Planning for retirement might seem like a long road ahead and we know how hard it is to prioritise saving over spending.

When you’ve saved your entire working life, you just want to know that you will be “ok” financially when you eventually stop.

We think it’s important to have a plan in place and it’s never too early to start!  We love working with our clients to help them do all the things they want to do in retirement.

Here are 5 things you might want to think about:

  1. Not being honest about what you need

We encourage our clients to focus on this first and work from there, typically this involves completing the dreaded expenses questionnaire!  To be honest, once they start the process, they find it incredibly helpful. It comes down to what you want your life, post work, to look like.  Ask yourself 1. Business or Economy? 2. 1 holiday or 5?  3. Eating out once a week or once a month? There is no point in planning ahead and underestimating what you spend.  Your bills post work are likely to be very similar to your current spend unless you are repaying your mortgage for instance or funding further education.

  1. Spending Too Much Too Soon

The good news is that we’re all living longer, the bad news is our savings need to last much longer too.  Data from the Office for National Statistics shows that an average 65-year-old living today could expect to live for a further 22.8 years.

So, when can you start to take money out of a pension arrangement?

As life expectancy increases, so too does the age at which you can access your savings. You can currently start withdrawing your workplace or personal pensions from the age of 55, however it’s expected to go up to 57 by 2028.

It all very well to retire and start spending but you need to keep some resources in reserve, so you don’t end up dependent on government benefits or become a burden to your children. A clear retirement plan is where we can help to ensure you don’t ‘run out’ of money.

  1. Believing your State Pension will be enough

Whilst it’s great that we have a State Pension system (and hopefully this will continue), if that’s all you are relying on, you won’t exactly be booking that Mediterranean cruise! The current state pension amounts to £164.35 a week, which is the equivalent of £8,546.20 a year.  If you think you can live comfortably on this sum then that’s great but if not, you need a plan to fund the gap.  The intention is not to scaremonger but, there is a chance that successive governments will revise the State Pension system so it’s worth not being overly dependent on it.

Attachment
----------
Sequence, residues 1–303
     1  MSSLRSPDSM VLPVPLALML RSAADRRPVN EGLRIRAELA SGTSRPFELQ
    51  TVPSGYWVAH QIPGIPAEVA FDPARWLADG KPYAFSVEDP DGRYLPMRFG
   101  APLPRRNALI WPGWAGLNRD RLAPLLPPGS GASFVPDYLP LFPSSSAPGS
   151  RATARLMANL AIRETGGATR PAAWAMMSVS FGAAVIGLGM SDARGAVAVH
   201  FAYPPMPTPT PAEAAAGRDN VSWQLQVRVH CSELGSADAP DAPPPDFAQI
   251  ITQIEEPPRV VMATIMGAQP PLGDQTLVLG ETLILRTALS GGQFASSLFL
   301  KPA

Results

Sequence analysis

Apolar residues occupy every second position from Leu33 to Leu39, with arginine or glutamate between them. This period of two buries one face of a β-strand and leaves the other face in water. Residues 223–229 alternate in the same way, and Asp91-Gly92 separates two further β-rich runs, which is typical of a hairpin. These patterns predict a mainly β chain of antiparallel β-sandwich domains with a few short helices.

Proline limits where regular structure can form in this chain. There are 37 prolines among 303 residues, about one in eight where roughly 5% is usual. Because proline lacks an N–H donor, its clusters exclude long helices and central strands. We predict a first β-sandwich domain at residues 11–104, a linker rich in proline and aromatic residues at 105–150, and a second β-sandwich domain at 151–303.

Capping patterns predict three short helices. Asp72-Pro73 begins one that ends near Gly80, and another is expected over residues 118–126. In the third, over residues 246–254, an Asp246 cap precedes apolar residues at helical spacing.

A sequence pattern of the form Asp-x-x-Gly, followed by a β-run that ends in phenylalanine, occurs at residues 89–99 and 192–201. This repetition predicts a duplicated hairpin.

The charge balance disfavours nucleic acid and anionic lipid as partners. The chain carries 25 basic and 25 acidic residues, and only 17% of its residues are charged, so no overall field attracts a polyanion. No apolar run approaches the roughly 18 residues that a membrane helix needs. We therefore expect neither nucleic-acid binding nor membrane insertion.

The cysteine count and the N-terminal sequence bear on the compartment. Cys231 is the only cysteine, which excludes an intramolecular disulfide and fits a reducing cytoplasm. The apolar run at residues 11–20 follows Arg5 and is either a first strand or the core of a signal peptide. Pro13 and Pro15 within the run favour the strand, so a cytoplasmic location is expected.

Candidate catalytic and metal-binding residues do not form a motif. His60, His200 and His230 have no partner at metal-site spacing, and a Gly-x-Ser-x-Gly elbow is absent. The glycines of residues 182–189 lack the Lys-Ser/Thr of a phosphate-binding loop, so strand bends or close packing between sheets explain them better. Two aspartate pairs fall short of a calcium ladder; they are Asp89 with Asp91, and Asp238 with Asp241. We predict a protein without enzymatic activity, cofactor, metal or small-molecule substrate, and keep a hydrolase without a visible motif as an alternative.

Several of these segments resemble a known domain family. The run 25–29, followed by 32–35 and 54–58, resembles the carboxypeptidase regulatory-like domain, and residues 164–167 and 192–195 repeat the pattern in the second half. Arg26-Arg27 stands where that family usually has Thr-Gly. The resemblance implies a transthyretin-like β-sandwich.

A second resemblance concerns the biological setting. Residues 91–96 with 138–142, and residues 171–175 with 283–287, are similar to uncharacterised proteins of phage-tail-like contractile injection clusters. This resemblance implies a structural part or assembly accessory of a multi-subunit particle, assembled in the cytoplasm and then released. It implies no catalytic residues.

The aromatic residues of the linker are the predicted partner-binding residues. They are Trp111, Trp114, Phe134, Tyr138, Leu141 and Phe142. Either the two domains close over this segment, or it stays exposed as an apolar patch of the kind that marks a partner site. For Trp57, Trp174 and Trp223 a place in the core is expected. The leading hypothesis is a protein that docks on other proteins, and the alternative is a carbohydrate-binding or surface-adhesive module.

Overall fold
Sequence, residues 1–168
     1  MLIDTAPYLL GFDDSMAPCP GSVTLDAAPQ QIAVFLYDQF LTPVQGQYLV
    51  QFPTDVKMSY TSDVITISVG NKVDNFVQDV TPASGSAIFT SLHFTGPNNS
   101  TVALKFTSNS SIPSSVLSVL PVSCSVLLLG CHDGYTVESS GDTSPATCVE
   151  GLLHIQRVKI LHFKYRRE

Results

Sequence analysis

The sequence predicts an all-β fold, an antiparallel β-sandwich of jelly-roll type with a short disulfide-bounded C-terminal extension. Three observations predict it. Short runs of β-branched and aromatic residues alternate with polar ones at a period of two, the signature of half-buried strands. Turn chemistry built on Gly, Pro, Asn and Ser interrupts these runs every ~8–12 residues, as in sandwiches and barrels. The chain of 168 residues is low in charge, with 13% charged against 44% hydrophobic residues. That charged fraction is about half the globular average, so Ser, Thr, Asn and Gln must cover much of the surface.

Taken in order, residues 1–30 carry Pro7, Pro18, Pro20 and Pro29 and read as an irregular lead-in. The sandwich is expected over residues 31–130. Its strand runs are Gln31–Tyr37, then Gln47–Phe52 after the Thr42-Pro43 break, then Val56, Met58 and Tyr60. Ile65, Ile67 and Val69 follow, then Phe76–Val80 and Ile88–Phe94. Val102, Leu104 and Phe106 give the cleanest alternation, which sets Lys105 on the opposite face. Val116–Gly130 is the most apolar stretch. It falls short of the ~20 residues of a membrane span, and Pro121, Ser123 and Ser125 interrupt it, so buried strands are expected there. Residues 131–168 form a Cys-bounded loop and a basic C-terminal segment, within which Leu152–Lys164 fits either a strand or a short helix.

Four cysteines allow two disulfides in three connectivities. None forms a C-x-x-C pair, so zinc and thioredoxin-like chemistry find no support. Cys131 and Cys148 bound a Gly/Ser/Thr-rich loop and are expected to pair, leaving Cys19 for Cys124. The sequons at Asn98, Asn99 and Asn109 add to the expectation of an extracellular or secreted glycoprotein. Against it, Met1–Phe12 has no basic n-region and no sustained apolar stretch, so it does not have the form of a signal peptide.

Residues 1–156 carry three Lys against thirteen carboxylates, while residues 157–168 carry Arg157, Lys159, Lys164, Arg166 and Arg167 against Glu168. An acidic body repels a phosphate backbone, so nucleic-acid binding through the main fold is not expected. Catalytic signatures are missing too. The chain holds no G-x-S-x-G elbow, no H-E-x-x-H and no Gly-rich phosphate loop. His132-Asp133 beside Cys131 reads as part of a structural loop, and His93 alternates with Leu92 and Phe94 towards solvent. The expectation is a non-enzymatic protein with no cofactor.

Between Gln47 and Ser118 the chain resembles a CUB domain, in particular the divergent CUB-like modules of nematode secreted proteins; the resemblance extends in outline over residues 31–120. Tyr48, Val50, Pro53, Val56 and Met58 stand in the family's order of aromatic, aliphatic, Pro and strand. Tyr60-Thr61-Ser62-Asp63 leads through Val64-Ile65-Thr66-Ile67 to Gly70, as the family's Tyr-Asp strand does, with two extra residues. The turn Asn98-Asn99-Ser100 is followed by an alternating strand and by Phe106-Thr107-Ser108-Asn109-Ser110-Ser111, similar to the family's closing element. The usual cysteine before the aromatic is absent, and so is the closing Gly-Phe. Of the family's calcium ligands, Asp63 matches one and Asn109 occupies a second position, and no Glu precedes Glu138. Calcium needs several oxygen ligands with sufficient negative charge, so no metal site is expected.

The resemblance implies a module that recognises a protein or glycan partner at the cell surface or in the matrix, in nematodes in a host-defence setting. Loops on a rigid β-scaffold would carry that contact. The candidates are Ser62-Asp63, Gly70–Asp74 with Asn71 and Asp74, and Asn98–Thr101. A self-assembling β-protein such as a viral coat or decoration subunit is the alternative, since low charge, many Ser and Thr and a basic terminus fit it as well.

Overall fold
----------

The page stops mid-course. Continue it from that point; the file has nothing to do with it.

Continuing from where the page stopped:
1. Too Little Too Late

One of the biggest misconceptions about pension saving is that you can put it off until later. The earlier you start the more money you’ll end up with. And, the later you start saving the more you’ll need to put away each month to make up for it. Scottish Widows did some research that highlighted that the older a person is when they start saving, the more significant their contributions will need to be. To save enough to receive an annual pension of £23,000 a person would need to save £293 a month at 25 and £433 a month at 35. If they put it off until 45 they’d need to save £724 a month and £1,445 a month at 55.  Wow, that’s a lot to start saving if you are not used to it!

  1. Not planning for long term care.

Usually the “elephant in the room”.  None of us want to go into care but most care homes are pretty full! Worth thinking about.  Unless your assets are less than £23,500 (and yes, this includes your home) then you are responsible for paying for your care unless your needs are so severe that you are entitled to NHS Continuing Healthcare.

It depends which part of the country you live in and the quality of the establishment, typically we see care fees of at least £650 per week in the North East – average stay 4.5 years.  Many people think that it is unfair that their savings will be used for care, however, being a self-funder gives you choices that others don’t have.